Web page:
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Chronic Pain? MBSR Can Train the Brain 

 

June 15, 2011 

How do you function when chronic pain is a part of your daily life?  The UC San Diego Center for Mindfulness (UCSD CFM) at UC San Diego Health System offers a novel program to help people who are dealing with chronic pain “train their brains” to lessen their experience of discomfort and, in some cases, eliminate it. Called Mindfulness Based Stress Reduction (MBSR), this in-depth eight-week program helps participants learn to better manage their experience of pain through diverse techniques such as guided meditation, gentle yoga, and breathing exercises.

“Cancer patients and those who suffer from chronic conditions, such as Inflammatory Bowel Disease, often deal with cycles of pain that do not respond well to medications,” said Steven Hickman, PsyD, director of the Center for Mindfulness and assistant clinical professor in the UC San Diego Department of Psychiatry. “With MBSR, we teach students how to use their brain to work differently with pain and increase mobility.”

Steven Hickman

Steven Hickman, PsyD, director of the Center for Mindfulness

Hickman suggests that the experience of pain and illness varies widely from patient to patient, for reasons that are not always objective or physically-explainable. The answer, he believes, comes from the emotional distress that is provoked and manifested differently in each person.

“Given two patients with the same disease or type of injury, we know from experience that they may report wildly different levels of pain. If this difference can’t be explained by medical reasons, it must be something else,” said Hickman. “One person may be angry or afraid, and the other is stoic and reserved, yet each has different amounts of physical pain. Recognizing this difference is crucial to the relief of suffering, because it means that at least part of the perception of pain is how you relate to it.”

According to Hickman, the relationship with pain and disease is cultivated and maintained in the mind so the mind is the logical place to go to potentially change that relationship in a healthier direction.

Lorraine Chase decided to try MBSR after her doctor recommended it as a way to manage her tinnitus, a condition involving a chronic ringing in the ears. She was skeptical at first – although familiar with meditation, she wasn’t sure why being mindful of pain or ringing in the ears would have any benefit.  Six months after going through the training with Hickman, she began to notice the results when she ceased having migraine headaches. Later, when diagnosed with breast cancer, she used what she had learned from MBSR to help her make difficult treatment decisions. 

“Instead of wasting energy on being angry about having cancer, I decided to spend my energy on getting well,” said Chase.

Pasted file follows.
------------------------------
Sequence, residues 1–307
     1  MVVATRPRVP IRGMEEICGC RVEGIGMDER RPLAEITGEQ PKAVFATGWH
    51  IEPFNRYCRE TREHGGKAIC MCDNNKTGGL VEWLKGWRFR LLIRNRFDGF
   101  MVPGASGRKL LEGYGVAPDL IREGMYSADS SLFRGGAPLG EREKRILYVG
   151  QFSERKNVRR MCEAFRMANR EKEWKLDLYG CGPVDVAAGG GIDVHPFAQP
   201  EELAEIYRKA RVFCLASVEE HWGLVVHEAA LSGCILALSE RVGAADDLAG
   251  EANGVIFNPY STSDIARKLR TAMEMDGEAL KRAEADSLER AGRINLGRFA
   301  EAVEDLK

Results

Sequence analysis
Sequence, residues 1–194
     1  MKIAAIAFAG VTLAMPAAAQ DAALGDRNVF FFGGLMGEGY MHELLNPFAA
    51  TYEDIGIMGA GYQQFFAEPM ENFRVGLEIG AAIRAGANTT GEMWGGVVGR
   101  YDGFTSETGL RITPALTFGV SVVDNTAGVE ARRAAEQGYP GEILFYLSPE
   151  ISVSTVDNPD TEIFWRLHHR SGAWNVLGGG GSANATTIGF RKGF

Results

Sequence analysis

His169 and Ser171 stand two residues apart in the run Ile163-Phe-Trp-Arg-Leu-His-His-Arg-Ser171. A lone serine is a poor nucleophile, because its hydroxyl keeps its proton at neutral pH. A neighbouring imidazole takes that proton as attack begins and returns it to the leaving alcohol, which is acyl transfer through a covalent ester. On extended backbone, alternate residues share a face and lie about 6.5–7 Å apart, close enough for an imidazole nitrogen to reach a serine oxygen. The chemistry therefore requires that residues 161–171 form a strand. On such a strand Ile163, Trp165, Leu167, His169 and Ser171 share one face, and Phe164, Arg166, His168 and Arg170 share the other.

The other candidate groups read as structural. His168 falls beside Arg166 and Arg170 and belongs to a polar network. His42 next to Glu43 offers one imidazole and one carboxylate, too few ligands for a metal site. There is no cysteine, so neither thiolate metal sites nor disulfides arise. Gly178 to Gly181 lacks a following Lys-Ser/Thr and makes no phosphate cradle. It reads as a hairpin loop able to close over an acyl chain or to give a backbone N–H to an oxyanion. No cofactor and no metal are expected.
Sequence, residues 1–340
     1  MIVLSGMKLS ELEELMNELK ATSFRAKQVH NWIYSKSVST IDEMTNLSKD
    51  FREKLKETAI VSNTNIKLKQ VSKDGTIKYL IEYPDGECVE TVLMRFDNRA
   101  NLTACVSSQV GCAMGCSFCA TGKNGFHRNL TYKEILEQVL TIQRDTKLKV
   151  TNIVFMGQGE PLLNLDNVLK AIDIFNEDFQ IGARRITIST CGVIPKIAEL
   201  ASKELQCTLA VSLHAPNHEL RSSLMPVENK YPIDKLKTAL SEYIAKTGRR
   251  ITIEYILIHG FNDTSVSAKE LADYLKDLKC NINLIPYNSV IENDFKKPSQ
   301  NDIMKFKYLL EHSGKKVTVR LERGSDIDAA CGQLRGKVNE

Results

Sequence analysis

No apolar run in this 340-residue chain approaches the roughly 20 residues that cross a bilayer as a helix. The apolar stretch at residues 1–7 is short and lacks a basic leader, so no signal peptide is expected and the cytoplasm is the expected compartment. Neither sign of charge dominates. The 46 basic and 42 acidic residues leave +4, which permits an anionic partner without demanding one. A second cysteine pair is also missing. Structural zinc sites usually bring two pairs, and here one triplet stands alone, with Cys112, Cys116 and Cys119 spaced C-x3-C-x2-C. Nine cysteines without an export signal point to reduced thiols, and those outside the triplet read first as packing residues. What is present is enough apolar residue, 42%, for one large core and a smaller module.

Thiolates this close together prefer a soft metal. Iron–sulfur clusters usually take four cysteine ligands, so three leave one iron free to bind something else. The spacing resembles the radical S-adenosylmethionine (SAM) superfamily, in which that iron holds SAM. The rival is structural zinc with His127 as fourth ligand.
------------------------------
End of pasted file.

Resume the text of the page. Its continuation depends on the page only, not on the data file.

As many people do when they aren’t feeling well, Chase would often get angry when she got sick.  Through mindfulness training she came to understand how one chooses to deal with pain can make a difference on how one perceives pain. 

“Mindfulness helps relieve the suffering of the pain without changing the fact of the pain.  I might say to my doctor that I’m in constant pain but when I go into mindfulness, when I really listen to myself, I realize that, yes, I’m in pain but it changes, it moves, it might flare but it’s not constant,” she added.

Constant pain was something that Bonnie Cohen Rooney was facing after experiencing a series of spinal surgeries in 2000 that included a prolonged stint in the ICU.  At 46, Cohen Rooney, a self-described active “high achiever,” found herself overwhelmed with pain, fear, and uncertainty about her future.  Through MBSR training, she learned several strategies to deal with pain including how to use breath to control it. By imagining her breath as a healing force, Cohen Rooney found she could relax her body and “release pain” while turning down its intensity.

“I close my eyes and turn my attention inward and focus on the breath,” said Cohen Rooney.  “I visualize that the air being breathed in brings with it healing and calm and the exhaling breath releases the pain and the tension.  My body relaxes and a sense of tranquility follows.” 

Hickman said that the MBSR techniques are helpful in regard to dealing with issues of food and eating, recovering from addiction, attention deficit disorder, anxiety and general stress. Patients and families who would like to learn more about MBSR or to participate in a class may call 858-334-4633 or visit the UCSD Center for Mindfulness website at http://mindfulness.ucsd.edu

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Media Contact: Melanie Peters, 619-543-6163, mopeters@ucsd.edu

Related Specialties

Center for Mindfulness
Psychiatry

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